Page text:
When IFC began working with Unifrutti Group, the smallholder Filipino banana growers that supplied the international fruit company were not well positioned to comply with Rainforest Alliance and other international certification standards.
Local farmers did not follow regulations on proper use of fertilizers, waste and water management, or wage requirements for workers. As a result, the bananas they produced were mainly exported to markets that did not have stringent quality or standards requirements.
The Philippines was undergoing a national land reform policy that involved selling corporate plantations to smallholder farmers, making large export companies such as Unifrutti increasingly reliant on smallholders to supply bananas. To sell bananas to specialized markets, such as Japan, Unifrutti needed smallholders to become certified.
But growers considered certification a cost burden because it required investments such as installing hazard-proof chemical storage and mixing areas, filtering systems, and showers and toilets for workers. By providing technical and business training to farmers in areas of waste management, and water conservation, among other areas of farm management, IFC helped increase the number of qualified smallholder banana growers in Unifrutti’s supply chain, enabling the company to command higher prices. Unifrutti, in turn, gave farmers a price premium to encourage adoption of certification standards, which helped farmers to cover costs and increase their profit.
IFC worked with Unifrutti Group to enable the company to provide extension services to banana farmers in its supply chain so that farmers could comply with international certification requirements. Extension services included information on water recycling, switching to organic fertilizer, manually weeding rather than relying on herbicides, and generating new income from sorting and selling recyclable wastes, among other sustainable farming techniques.
The training led to increased confidence among farmers and a better negotiating position with Unifrutti and the banks they approached for financing because certified farms are perceived to be well-managed and disciplined — and sustainable over time — making them better bets for bank loans. By becoming certified, smallholder farmers demonstrate they can be environmentally and socially responsible.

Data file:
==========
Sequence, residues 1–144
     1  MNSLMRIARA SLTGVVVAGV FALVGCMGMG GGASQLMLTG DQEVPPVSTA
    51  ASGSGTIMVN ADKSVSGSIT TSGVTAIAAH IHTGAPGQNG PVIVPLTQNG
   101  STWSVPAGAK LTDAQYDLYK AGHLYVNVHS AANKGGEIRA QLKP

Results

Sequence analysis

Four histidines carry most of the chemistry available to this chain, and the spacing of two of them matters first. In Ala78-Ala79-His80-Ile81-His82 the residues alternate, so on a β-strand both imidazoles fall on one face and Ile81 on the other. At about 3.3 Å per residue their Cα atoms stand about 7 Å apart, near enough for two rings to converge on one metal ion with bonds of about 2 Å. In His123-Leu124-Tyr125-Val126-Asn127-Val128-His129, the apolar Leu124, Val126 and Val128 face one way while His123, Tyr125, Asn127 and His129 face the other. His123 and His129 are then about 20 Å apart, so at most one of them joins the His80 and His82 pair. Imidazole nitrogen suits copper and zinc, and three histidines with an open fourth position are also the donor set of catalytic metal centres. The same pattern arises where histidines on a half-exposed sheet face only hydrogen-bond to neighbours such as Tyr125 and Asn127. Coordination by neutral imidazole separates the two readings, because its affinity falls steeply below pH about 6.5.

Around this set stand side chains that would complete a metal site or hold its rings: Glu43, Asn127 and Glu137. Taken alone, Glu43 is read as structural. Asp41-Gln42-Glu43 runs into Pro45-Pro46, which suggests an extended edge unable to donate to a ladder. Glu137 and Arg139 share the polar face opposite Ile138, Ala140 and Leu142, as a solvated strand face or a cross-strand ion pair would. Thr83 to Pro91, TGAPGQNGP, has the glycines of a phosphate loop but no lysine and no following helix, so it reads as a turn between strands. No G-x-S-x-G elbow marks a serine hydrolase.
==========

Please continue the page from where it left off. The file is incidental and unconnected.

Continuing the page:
In June 2008, IFC created a 14-month pilot project that introduced 416 farmers to the new farming techniques and began to change mindsets that made many farmers cling to old ways. The pilot resulted in improved social and environmental practices and the farmers received Rainforest Alliance certification; 98 percent reported improved business management skills.
During the second phase, a price premium was established for highland growers, whose high quality bananas were identified during the pilot phase as a priority for Unifrutti’s premium market. Lowland farm bananas weren’t of a high enough quality to make the premium cut, but the farmers still covered the increased costs associated with obtaining RA certification through cost savings derived from water conservation, recycling, and other sustainable farming practices.
IFC and Unifrutti shared training costs, with Unifrutti providing the RA technical training and IFC facilitating the business management training. IFC also worked with Rainforest Alliance to train local auditors, which will enable farmers to pass the annual audits needed to maintain their RA certification after the IFC-Unifrutti partnership ends.
Results & Impact *
Over 1,000 farmers have been trained in strategic planning, change management, and other business skills related to farming.
Locally trained auditors have audited more than 8,000 hectares of Philippine farmland, including at least 1,000 hectares managed by smallholders.
Now, Unifrutti and other companies are replicating the success of the banana Rainforest Alliance certification, with plans to certify 8,000 hectares of Philippine coconut farms. So far, 400 hectares of smallholder cocoa farms have become certified.
Highland farmers command 5 to 25 percent higher prices for their crops as a result of Rainforest Alliance certification and meeting other premium market requirements.